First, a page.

Guinea Pigs, Rats, Mice: What Are Some Common Diseases Of Pet Rodents?

Domestic rat

Our pets are, in a way, our best friends. They are always there for us when we need them. Plus, they are furry and cute, and we love them. Unfortunately, like every other living being, there are times when their immune system fails to save them from catching specific health problems. We often don’t know what’s bothering our best friends. So, here’s a reading list with which you can educate yourself about the common diseases of pet rodents.

Respiratory infections

Respiratory infections are the most common forms of sickness in guinea pigs, rats, and mice. You can tell your pet rodent is sick when you notice any unusual discharge from its eyes and nose. This sickness is called Pneumonia in medical terms. If your rodent has Pneumonia, it will refuse to eat or show any activity.

Respiratory infections have got everything to do with breathing. So, you can imagine the amount of pain your pet rodent is in. Different types of bacteria cause infections in the respiratory tract. They are:

  • Bordetella: It is a type of bacterium responsible for your guinea pig’s respiratory diseases. It can be deadly.
  • Mycoplasma: This bacterium makes your rats and mice fall sick as it attacks the respiratory system directly.

The best solution to respiratory diseases is antibiotics. However, do not try to treat your pet yourself. All rodents are sensitive to certain antibiotics, which can cause diarrhea and upset stomach. This can even turn deadly. So, it’s advisable to always turn to a vet and go for the prescribed treatment.

Lethargy and anorexia

Lethargy means tiredness and inactivity. It is usually prolonged, whereas anorexia related to the loss of appetite. Both lethargy and anorexia are not diseases in themselves. However, they are very obvious initial signs of illness in rodents.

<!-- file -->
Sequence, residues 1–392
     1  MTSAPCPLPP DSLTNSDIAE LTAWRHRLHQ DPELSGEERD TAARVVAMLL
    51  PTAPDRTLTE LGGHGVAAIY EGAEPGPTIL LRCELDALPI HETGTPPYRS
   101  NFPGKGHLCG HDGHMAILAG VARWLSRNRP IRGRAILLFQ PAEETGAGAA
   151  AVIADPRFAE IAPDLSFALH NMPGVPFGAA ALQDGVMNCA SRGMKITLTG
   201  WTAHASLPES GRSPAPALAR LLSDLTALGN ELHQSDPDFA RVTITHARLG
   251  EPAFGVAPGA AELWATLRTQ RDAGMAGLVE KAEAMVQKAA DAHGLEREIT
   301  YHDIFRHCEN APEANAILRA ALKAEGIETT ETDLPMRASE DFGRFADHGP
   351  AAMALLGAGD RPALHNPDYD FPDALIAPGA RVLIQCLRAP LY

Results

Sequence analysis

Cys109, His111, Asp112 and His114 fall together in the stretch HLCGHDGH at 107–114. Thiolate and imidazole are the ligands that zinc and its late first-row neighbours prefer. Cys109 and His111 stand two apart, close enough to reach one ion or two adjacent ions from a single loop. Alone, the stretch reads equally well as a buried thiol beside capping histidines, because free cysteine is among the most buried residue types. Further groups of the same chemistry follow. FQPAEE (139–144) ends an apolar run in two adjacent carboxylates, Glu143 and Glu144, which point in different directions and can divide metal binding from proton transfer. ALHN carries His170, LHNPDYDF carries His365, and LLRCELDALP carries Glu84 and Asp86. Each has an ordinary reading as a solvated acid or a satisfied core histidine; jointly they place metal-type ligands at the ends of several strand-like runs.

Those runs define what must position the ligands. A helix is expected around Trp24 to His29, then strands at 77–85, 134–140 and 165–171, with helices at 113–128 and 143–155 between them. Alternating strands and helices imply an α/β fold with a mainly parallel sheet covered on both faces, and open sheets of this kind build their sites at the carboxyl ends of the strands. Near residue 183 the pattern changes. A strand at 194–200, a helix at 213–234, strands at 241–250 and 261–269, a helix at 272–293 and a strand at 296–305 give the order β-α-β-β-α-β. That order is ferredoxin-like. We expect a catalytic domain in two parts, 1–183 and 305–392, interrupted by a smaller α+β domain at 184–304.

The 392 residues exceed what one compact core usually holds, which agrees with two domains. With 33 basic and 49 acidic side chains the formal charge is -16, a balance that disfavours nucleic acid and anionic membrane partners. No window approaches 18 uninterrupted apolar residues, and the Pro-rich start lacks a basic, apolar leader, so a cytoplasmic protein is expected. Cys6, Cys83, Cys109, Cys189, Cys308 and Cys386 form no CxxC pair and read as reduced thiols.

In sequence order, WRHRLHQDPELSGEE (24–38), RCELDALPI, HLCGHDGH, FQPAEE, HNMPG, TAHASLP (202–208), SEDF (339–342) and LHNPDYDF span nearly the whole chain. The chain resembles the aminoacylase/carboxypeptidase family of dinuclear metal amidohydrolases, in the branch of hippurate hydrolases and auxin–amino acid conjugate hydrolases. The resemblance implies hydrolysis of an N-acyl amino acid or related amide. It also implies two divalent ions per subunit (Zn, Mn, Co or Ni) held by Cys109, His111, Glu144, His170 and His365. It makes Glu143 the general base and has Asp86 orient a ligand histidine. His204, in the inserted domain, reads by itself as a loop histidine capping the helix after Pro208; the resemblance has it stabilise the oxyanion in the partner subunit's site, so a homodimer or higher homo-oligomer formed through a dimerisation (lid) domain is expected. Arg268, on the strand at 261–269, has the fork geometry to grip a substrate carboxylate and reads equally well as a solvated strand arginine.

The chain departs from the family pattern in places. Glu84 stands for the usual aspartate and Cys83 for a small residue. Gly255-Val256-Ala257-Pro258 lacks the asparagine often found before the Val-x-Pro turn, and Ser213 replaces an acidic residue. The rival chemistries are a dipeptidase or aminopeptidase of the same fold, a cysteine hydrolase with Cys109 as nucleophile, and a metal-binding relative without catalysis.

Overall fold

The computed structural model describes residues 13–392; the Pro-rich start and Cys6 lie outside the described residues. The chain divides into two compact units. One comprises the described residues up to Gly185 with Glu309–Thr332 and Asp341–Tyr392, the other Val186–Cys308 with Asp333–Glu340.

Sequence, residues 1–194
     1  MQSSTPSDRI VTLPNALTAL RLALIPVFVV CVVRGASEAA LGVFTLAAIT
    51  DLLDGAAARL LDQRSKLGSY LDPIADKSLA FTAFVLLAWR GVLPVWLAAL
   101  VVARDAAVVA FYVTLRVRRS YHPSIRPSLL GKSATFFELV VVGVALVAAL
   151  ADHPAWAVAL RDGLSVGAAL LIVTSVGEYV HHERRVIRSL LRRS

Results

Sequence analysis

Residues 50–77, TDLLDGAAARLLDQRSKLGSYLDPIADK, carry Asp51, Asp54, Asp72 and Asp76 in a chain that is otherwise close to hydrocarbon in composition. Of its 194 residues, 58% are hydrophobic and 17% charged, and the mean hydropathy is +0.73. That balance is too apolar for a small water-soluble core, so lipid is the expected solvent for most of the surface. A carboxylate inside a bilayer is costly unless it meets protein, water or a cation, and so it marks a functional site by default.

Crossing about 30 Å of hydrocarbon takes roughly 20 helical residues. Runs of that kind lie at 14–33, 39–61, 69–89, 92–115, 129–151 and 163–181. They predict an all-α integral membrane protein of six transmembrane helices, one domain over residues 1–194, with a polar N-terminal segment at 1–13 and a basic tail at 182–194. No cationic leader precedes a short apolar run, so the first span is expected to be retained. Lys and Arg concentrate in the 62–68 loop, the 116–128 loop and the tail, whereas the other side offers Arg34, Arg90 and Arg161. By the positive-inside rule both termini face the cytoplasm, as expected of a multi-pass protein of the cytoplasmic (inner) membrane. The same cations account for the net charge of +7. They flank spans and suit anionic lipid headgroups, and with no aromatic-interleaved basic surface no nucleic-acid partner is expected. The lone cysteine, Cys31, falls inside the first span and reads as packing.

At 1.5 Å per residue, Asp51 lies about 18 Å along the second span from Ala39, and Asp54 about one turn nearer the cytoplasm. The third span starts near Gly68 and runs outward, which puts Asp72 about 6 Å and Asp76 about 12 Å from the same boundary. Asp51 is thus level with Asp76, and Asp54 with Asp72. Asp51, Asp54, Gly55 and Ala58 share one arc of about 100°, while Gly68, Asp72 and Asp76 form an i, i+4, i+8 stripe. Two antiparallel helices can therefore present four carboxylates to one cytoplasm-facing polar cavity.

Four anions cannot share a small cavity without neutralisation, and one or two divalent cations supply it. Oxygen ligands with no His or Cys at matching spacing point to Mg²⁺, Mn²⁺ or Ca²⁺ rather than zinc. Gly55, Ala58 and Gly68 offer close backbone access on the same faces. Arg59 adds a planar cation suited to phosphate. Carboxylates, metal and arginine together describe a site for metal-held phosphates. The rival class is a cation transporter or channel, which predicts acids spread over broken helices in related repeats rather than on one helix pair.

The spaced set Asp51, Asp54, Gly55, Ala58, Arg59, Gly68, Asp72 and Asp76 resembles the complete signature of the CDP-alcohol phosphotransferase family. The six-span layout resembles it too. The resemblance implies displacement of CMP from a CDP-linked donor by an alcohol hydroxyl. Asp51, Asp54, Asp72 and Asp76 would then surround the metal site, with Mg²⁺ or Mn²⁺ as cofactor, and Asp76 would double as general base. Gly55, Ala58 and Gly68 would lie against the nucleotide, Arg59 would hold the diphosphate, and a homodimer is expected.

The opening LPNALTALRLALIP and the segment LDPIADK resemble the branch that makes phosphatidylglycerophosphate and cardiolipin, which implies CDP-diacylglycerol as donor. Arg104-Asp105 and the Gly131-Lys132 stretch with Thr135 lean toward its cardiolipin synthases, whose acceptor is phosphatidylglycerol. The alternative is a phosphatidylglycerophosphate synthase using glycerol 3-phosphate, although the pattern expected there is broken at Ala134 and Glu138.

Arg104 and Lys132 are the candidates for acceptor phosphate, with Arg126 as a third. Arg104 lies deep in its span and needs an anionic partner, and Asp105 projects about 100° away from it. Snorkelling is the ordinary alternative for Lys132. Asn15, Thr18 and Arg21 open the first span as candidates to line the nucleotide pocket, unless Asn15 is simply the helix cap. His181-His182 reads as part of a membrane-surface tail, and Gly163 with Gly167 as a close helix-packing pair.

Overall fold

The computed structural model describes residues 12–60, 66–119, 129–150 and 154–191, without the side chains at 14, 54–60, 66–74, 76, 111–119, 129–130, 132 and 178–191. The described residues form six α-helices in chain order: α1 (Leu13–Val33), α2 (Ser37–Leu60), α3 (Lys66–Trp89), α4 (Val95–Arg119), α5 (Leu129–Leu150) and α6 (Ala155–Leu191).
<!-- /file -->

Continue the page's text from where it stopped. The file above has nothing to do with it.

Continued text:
The best thing you can do is take your pet to a doctor because you can’t tell what the underlying disease is based on these symptoms. It can be anything from pneumonia to cancer. To stay in touch with your pet rodent’s health, you need to spend enough time with them.

Overgrown teeth

Whenever you notice that your pet rodent has stopped, it is probably because it has gone anorexic. But, if it doesn’t eat anymore and has slobbers, which means wet chin, it is because its teeth are overgrown. The painful situation of overgrown teeth can be avoided if you check your pet rodent’s teeth regularly.

Overgrown teeth cause the most common sicknesses in rodents. Their teeth continue to grow as long as they live. Now, as funny as it might look, too long teeth can eventually kill your pet. This happens when the teeth keep on growing but don’t face any wear and tear, resulting in uneven teeth. Uneven teeth don’t meet, and the rodent stops eating because of discomfort.

If your pet is suffering because of overgrown teeth, you need to rush to a vet as soon as possible. The vet trims the teeth with a rotating burr. This process is not as brutal as it sounds because your pet is usually given anesthesia before the procedure. Don’t try to help your pet’s problem of overgrown teeth using a clipper yourself. It can cause infections and worsen the situation.


Tumors and cancer can attack your pet rodent. These diseases are not limited to humans, after all. Female rodents are prone to cancer and tumors because of their mammary glands.

The mammary glands of rats and mice are present on both sides of their body, front, and back. So, the tumor can appear as a lump anywhere.

You must always be proactive in checking your pets for signs of cancer. It can cause a slow and painful death. It is slow but doesn’t give you a lot of time to save your pet rodent. Treatment of cancer is effective in the early stages only. Vets usually give anesthesia and remove the tumor surgically.

Skin related problems

Skin diseases are common in all rodents. Be it a guinea pig, a rat, or a mouse. What we mean by skin diseases or skin problems is minor looking issues like itching, which can turn fatal if they are not taken care of. You can’t tell if the problem is caused by fleas or is a result of a nasty fungal infection.

Skin problems like itching can make your pet rodent scratch itself to death. And if you have more than one pet rodent, there will be a constant fight between them. But if you keep your pets in a clean, ventilated, and dry atmosphere, they have a rare chance of catching skin disease. Thus, be mindful of this aspect before you get along with any of these rodents.

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